Looking at issue 03 and not finding much to share or write about, I’ve skipped to issue 04, but for the sake of my blog series, this is Part 3 since it’s my third post regarding Recife in the 20s. Per usual, you can click on any image to enlarge it.
Revista da Cidade – 4th edition – June 19th, 1926
(scary film…I mean, ‘quartet of the Amaro Pedrosa couple’)
(Inside of the well-placed automobile agency Hudson e Essex)
“In every corner of the world there are set phrases. Each place, each state like each nation has their original expressions, that mean nothing to other people, and to others they mean a lot. In this sense, a city can’t do without this old custom.
There are set phrases and, among them, one of the most vulgar ones is, without a doubt: ir á missa das dez (to go to the 10 o’clock mass). Well then! going to the 10 o’clock mass is a set phrase? Of course! It doesn’t just mean one goes to God’s house to fulfill a Christian duty or to ask for a place to put ones pain and disillusionment!
No. Ir á missa das dez is more than that, it’s going to the chic mass, it’s going to the mass for those who went to the theater, to parties, the night before and that’s why they wake up late, and go to see pretty dresses…and pretty women. But…what a frivolous society, my God! No!
But there’s nothing bad in it. There’s nothing bad about going to mass with a new and expensive dress. It’s a small desire that the beauty of a woman requires and that, in no way, lessens the fervor of her prayers. […]”
If you loved, why did you stop loving? (I’ll translate a select few this time)
“I love because love is quintessential to life and loving is a habit of the heart; I’ll never stop loving because, like religion, love is indispensable to women.” – D. Gilserpe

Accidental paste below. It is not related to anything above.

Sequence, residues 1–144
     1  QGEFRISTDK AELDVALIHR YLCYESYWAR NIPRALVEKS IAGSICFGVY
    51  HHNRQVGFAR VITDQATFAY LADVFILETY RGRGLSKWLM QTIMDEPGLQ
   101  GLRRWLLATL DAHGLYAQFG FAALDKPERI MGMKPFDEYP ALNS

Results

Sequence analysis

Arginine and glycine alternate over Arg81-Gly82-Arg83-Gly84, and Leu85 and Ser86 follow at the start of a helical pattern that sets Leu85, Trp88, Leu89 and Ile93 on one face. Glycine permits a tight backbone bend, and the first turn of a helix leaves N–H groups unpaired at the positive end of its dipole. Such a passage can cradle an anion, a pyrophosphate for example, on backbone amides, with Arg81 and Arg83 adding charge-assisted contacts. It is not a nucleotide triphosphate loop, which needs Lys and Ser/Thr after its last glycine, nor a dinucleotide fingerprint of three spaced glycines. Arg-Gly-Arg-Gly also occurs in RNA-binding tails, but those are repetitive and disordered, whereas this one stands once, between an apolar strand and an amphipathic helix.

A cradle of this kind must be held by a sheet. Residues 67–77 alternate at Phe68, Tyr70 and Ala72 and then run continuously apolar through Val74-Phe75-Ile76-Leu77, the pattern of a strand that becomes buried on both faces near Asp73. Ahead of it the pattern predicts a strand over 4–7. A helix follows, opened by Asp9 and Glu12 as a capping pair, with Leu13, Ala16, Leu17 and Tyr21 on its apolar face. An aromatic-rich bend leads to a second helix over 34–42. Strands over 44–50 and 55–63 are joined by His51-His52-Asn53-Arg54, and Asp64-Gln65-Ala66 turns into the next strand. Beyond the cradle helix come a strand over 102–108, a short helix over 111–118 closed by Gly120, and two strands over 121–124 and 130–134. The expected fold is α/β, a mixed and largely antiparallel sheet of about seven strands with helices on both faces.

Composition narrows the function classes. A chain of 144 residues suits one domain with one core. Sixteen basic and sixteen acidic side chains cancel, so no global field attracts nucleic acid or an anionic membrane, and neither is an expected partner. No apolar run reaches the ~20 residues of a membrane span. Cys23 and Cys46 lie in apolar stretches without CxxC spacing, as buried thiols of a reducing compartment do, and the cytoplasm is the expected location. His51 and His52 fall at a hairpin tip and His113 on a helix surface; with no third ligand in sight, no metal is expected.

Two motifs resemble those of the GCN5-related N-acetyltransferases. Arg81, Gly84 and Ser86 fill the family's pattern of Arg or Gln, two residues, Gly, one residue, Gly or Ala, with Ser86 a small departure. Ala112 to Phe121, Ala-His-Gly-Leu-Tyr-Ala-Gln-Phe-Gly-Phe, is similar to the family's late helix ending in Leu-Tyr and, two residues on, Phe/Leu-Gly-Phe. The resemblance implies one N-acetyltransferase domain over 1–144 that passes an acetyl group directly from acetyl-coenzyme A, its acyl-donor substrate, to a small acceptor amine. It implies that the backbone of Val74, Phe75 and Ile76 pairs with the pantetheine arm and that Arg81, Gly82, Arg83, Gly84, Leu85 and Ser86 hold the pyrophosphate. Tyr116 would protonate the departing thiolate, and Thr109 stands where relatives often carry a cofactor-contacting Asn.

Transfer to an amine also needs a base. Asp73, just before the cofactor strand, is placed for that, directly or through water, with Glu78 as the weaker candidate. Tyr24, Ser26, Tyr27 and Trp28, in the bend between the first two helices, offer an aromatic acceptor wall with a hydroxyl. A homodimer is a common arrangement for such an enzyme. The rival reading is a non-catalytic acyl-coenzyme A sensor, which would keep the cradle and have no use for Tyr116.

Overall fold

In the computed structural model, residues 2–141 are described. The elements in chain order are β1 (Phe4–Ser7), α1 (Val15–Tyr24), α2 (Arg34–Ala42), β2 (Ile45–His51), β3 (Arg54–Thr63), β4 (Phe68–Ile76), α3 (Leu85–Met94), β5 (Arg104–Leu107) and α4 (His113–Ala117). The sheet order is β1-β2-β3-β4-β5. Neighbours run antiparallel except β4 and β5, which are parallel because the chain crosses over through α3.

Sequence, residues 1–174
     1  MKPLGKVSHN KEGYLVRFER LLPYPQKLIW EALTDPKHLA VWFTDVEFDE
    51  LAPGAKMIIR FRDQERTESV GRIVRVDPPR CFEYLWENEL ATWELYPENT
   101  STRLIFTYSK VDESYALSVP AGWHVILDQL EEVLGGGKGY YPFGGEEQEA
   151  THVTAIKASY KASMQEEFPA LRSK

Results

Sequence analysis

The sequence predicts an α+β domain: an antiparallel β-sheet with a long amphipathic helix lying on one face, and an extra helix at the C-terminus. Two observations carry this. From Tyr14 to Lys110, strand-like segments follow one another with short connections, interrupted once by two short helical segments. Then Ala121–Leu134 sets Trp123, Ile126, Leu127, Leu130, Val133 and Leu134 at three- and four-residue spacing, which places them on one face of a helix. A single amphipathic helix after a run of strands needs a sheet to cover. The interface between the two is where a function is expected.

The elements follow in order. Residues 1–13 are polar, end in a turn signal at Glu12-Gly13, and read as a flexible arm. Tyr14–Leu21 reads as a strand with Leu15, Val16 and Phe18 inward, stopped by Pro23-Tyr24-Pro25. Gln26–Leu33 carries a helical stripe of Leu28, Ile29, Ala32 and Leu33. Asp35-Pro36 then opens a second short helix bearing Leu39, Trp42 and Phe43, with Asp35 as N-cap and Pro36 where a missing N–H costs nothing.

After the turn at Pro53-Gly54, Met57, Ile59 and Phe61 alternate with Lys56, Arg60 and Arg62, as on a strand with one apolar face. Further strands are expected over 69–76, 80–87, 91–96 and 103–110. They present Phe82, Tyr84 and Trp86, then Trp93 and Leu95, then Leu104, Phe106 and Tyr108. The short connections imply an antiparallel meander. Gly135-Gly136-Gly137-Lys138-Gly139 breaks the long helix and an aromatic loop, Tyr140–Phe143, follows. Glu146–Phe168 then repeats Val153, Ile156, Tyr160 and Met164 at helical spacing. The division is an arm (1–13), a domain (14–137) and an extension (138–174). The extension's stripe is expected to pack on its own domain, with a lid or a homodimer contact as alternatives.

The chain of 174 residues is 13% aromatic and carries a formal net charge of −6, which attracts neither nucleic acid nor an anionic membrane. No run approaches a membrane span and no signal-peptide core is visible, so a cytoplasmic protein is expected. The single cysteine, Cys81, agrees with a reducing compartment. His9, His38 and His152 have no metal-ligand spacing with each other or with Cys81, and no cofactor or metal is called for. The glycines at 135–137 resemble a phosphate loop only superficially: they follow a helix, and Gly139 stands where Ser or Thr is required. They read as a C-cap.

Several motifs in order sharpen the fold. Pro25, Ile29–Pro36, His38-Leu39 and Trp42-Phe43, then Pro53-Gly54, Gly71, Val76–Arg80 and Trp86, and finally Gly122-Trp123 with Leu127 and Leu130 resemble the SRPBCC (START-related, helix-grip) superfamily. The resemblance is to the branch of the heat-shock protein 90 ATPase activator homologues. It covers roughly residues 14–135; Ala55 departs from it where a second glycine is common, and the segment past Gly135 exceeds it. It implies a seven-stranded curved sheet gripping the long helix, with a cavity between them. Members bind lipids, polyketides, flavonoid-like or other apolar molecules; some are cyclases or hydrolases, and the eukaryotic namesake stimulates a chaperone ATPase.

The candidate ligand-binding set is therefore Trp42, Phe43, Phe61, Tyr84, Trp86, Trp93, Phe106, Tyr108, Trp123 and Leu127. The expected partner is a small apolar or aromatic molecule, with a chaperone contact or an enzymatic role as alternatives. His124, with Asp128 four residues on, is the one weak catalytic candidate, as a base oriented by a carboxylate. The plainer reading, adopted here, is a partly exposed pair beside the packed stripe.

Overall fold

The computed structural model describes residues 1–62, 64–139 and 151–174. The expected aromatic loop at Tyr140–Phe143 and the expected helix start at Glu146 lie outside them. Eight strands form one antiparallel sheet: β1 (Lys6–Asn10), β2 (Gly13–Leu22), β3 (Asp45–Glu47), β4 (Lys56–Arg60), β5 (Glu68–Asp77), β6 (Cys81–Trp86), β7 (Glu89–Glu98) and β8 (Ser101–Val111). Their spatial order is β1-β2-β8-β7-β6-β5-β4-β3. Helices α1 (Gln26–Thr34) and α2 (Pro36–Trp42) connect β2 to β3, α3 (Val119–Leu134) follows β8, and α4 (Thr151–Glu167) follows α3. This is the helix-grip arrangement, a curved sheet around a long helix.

“I love because I’m loved. I’ll stop loving if one day I’m cheated on.” – Maria Esther
“I loved passionately until the day I convinced myself that women are fickle. And the exceptions to this rule are not so rare that only they can find pleasure in the few men to whom a truly extraordinary happiness is reserved.” – M D. Beltrão
“I loved because they told me it was good. I stopped loving because I saw it was bad.” – O. Siqueira
“I loved until a scab was created, and I stopped loving when that big scab fell off.” – Octavio
(The word “casca” can be a few things, like a shell, the skin of a fruit, or a scab)
“I loved because I couldn’t stop loving…I stopped loving because she wanted to get married…” – Misael
“I loved for sport. I stopped loving so I could add one more woman to the…notebook.” – Caneca
“I was selfish and that’s why I loved many at the same time so I could better choose. I stopped loving because I became a cat lady.” – Maria
(The phrase used is “ficar no caritó” which is an expression from the Northeast that means ‘what happens to a woman when she doesn’t marry’. The only thing that came to mind in English was a “(crazy) cat lady”.)
This is a poem that finished out the issue but I think it’s best if I leave it untranslated since it works when rhymed.